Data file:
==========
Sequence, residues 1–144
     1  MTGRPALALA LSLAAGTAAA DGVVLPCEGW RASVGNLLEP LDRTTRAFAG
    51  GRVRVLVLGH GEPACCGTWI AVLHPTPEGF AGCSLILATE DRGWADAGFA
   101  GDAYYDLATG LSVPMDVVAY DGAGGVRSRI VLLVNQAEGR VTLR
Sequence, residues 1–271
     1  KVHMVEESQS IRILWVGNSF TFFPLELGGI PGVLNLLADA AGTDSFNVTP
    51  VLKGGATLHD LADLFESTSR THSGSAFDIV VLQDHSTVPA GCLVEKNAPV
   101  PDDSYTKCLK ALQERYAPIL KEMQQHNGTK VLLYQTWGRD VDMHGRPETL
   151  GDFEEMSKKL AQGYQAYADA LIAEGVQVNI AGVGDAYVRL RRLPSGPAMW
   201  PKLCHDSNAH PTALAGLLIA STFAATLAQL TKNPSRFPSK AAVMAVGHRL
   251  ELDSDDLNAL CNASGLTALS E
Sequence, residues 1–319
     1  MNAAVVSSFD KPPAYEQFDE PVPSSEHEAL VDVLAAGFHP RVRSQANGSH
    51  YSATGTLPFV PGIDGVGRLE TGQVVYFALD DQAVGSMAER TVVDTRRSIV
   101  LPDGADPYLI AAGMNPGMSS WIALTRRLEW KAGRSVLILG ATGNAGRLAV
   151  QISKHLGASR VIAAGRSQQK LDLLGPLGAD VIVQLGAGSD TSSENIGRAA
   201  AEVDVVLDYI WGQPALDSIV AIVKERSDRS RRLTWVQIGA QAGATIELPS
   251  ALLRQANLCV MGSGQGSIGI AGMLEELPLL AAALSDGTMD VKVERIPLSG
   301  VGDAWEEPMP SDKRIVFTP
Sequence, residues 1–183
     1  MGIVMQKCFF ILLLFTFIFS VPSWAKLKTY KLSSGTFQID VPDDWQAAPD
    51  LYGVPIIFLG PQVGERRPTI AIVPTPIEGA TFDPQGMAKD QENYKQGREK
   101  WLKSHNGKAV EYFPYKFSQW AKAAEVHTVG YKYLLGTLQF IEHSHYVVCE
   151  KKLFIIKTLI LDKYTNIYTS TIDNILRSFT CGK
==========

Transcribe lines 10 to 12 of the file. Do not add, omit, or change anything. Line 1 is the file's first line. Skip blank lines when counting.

   201  PKLCHDSNAH PTALAGLLIA STFAATLAQL TKNPSRFPSK AAVMAVGHRL
   251  ELDSDDLNAL CNASGLTALS E
Sequence, residues 1–319